l Heart Karate | Learn Karate
My Interest in Karate
I had always wanted to learn karate since I was in fifth grade. One of my teachers told me I needed to learn martial arts for self defense. He was concerned because I was a shy kid and didn't have very many close friends. He said I would need to be able to defend myself.
On his recommendation I took judo as an extra-curricular activity at school. However, I didn't really enjoy it and didn't stay in the class very long.
There was a karate school near my home and whenever I passed by it I would see the students practice the different movements and I thought karate was more exciting than judo. However, at the time I had to concentrate on a lot of school work and didn't really have the time for other activities. So I put the idea of learning karate in the back burner.
It wasn't until I was in my senior year of college that I had the chance to pursue my interest in karate. I had completed all my course requirements and had plenty of extra time. I was trying to find something to do that would benefit me. Then I saw an ad on the paper for karate lessons, and that particular school happened to have a dojo (studio or training hall) near where I lived.
So one evening I went to visit the dojo and observed the beginner's class in session. I was really excited about it and as soon as the class was over I approached the instructor and signed up for the class.
Why I love karate
- It's a great exercise. Exercise is important for healthy living, and if you're going to do it you should choose something that you really enjoy. Besides helping me build my flexibility and muscle strength, karate is also a good form of self defense.
- It builds self confidence. Doing any form of physical exercise will eventually improve your self confidence but learning martial arts takes it one step further. You are taught to respect others and the world you live in, and only use your skill as a last resort to defend yourself and others.
- I get to do it barefoot. Yeah, I hate wearing shoes and most martial arts schools don't even allow you to enter the dojo with footwear on. To me that's a big plus because when I exercise I want to feel comfortable and free.
If you're interested in learning karate
You should first do your homework. Visiting the school and observing a class in session is a must. That way you will be able to see what it's like and whether you will enjoy it. In addition, you will also see the environment of the dojo, and how the instructors and students treat each other.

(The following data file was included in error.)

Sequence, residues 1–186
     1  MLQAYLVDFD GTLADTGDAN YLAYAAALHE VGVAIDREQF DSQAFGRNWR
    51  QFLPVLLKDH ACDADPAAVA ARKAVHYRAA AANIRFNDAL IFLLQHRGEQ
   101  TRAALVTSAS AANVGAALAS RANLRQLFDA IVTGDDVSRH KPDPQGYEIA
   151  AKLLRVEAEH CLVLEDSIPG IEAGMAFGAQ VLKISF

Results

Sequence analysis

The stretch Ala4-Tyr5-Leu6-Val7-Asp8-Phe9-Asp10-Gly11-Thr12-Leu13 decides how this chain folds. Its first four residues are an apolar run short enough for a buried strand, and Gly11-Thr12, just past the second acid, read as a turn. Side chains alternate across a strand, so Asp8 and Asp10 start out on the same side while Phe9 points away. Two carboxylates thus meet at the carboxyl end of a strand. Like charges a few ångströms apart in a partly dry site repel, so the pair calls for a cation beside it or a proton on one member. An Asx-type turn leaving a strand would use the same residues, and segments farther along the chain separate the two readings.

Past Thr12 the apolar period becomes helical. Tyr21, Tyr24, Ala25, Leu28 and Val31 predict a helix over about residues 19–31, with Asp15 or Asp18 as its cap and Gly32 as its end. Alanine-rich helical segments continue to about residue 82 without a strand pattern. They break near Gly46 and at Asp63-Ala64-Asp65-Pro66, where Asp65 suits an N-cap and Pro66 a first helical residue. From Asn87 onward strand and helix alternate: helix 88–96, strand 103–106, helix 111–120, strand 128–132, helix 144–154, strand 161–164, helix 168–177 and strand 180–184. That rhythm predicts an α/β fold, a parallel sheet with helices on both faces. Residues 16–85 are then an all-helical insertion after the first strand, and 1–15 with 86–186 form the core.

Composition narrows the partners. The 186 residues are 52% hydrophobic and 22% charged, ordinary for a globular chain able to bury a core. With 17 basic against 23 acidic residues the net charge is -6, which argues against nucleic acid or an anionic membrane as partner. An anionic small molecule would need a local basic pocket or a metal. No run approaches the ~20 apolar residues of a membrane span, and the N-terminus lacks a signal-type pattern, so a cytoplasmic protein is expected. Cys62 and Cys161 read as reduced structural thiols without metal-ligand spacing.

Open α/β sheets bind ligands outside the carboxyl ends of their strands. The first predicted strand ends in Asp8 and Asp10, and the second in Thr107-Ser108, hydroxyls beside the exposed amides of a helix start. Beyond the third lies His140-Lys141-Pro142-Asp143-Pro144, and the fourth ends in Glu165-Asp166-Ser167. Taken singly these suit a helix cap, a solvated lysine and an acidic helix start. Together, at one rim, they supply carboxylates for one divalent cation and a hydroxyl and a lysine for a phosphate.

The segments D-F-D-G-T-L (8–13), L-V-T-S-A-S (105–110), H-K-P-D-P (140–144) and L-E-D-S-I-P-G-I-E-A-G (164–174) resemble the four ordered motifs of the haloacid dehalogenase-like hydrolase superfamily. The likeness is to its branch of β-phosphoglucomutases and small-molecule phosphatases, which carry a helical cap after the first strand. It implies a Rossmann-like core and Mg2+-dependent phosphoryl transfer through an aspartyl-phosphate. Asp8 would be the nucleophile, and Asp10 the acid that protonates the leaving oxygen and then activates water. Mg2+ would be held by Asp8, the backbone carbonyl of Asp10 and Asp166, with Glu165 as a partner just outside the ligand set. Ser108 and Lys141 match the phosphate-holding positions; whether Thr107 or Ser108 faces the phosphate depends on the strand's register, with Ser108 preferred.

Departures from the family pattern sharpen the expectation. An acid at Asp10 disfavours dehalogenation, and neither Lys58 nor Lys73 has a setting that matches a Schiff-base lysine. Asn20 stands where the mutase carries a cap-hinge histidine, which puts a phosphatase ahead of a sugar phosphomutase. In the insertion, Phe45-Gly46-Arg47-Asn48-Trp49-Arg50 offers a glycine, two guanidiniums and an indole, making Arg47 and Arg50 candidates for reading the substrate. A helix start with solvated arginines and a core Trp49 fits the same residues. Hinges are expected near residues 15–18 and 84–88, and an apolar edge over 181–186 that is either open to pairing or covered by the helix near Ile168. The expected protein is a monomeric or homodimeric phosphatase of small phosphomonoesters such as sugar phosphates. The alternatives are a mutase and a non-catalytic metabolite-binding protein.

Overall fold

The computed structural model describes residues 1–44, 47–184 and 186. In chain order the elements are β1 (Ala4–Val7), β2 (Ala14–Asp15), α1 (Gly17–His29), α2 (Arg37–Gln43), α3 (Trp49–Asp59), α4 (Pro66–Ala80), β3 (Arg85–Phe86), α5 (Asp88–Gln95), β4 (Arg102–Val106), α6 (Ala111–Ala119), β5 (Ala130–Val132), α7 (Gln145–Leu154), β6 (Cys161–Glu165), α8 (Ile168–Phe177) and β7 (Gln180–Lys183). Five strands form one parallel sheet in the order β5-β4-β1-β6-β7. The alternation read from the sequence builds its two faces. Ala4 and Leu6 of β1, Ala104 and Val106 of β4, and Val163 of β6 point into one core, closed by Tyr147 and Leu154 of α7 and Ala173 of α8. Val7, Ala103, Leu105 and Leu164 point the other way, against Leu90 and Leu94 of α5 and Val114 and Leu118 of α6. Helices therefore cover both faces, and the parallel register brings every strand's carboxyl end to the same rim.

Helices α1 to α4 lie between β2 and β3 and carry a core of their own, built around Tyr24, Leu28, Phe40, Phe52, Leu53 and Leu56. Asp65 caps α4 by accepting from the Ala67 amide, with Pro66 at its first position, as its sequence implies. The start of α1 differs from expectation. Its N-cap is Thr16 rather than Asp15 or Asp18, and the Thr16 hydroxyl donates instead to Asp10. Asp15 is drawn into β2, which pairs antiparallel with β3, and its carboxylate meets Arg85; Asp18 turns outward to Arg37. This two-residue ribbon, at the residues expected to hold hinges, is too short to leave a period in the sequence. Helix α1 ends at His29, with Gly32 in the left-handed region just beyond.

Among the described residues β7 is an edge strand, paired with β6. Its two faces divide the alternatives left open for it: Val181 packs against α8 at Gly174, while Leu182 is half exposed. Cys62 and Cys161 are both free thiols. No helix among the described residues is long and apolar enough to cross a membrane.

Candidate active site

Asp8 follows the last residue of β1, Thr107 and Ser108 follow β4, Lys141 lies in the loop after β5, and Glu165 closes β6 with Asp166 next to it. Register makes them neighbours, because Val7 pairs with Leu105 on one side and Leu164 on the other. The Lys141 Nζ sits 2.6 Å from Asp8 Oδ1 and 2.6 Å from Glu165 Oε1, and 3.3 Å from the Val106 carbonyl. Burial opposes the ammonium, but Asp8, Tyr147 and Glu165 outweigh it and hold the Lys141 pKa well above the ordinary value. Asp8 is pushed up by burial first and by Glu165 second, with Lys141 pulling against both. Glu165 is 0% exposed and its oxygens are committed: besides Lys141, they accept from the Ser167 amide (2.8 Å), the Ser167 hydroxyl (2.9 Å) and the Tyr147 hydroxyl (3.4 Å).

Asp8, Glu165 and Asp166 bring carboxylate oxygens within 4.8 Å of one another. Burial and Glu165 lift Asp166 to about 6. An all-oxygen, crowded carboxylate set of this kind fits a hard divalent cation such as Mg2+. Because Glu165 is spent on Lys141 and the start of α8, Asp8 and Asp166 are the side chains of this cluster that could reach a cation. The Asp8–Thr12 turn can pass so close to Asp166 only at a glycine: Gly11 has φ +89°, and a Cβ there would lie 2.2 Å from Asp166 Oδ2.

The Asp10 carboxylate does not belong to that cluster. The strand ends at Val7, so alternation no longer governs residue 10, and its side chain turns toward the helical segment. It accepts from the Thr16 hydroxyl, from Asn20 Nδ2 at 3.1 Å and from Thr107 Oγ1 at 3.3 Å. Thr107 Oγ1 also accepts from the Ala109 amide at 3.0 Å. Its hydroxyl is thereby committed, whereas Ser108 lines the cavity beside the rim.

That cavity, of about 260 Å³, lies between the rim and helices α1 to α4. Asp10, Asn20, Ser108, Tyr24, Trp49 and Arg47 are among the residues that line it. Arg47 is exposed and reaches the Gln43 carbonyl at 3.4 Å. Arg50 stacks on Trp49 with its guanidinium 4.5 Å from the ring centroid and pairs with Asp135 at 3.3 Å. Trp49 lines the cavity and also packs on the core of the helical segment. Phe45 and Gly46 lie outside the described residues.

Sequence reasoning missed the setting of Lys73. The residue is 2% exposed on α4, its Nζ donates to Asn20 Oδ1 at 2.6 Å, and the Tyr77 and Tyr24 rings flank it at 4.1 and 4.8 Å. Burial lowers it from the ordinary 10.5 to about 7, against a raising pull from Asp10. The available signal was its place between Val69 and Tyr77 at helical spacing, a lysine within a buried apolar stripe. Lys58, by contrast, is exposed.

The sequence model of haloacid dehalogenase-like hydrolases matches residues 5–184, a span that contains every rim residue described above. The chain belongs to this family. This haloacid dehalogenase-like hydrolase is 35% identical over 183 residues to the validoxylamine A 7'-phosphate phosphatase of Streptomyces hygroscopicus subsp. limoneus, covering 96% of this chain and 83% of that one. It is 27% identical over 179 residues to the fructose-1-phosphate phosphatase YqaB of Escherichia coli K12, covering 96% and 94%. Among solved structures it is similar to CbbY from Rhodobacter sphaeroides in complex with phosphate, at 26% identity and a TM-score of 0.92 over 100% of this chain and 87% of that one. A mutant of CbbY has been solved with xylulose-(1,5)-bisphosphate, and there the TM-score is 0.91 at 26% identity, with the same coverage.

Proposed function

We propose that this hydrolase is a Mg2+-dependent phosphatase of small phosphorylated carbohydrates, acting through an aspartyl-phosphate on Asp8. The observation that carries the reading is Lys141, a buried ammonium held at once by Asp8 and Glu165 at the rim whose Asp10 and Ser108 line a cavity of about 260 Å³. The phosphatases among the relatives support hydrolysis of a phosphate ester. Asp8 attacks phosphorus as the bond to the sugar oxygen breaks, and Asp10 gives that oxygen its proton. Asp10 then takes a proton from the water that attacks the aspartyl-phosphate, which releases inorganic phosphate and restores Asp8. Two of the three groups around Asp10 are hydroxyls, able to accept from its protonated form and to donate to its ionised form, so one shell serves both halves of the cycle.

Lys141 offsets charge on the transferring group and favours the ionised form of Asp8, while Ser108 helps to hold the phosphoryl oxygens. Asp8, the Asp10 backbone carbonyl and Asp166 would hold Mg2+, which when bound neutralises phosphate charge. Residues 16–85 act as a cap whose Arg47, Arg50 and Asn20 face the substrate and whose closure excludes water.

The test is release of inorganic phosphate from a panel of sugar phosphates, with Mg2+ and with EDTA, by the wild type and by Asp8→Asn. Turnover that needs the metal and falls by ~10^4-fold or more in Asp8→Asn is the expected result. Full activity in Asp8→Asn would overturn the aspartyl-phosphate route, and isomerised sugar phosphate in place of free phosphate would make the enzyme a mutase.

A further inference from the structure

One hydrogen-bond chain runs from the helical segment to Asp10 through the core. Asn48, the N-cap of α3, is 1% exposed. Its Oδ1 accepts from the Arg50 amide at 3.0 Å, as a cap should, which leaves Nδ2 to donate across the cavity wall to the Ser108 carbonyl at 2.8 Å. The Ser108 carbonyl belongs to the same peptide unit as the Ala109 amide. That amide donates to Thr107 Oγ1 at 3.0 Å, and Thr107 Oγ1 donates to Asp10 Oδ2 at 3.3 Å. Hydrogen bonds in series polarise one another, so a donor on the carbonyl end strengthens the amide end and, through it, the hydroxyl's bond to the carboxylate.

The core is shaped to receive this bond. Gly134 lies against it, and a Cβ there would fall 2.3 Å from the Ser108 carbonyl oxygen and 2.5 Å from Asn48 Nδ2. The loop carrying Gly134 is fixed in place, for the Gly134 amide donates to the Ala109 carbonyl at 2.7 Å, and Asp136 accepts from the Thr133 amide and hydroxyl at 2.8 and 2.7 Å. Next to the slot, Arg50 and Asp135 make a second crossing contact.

You also need to ask some questions like how much the lessons cost, how often you can get promoted and what the promotion fees are. Unfortunately, there are less than reputable karate schools that focus more on how much money they can make. They would create additional levels of rank and promote just about any student (even when they're not up to standard) just so they can earn more money. These unethical schools are often called "McDojo."
Ask around for references and recommendations from people you know. This is your best bet because if they are happy with their karate school, chances are good that you will be too.
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History of Karate
Karate developed in the Ryukyu Kingdom prior to its 19th century annexation by Japan. It was developed from indigenous fighting methods called te, which means "hand", and Chinese kenpo.
This martial art was brought to the Japanese mainland in the early 20th century during a time of cultural exchanges between the Japanese and the Ryukyuans. In 1922 the Japanese Ministry of Education invited Gichin Funakoshi to Tokyo to give a karate demonstration.
In 1924 Keio University established the first university karate club in Japan and by 1932, major Japanese universities had karate clubs.
In this era of escalating Japanese militarism, the name was changed from "Chinese hand" to "empty hand" - both of which are pronounced karate - to indicate that the Japanese wished to develop the combat form in Japanese style.
After the second world war, Okinawa became an important United States military site and karate became popular among servicemen stationed there.
Read more about karate history and the different styles on Wikipedia.
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